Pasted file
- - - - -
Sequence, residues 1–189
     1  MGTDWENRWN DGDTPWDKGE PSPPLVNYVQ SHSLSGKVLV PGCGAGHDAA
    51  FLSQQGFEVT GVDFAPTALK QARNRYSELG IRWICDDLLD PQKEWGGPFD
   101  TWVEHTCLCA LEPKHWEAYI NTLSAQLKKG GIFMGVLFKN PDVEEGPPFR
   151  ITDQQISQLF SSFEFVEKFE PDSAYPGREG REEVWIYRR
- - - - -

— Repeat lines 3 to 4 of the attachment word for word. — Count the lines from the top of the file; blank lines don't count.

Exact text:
    51  FLSQQGFEVT GVDFAPTALK QARNRYSELG IRWICDDLLD PQKEWGGPFD
   101  TWVEHTCLCA LEPKHWEAYI NTLSAQLKKG GIFMGVLFKN PDVEEGPPFR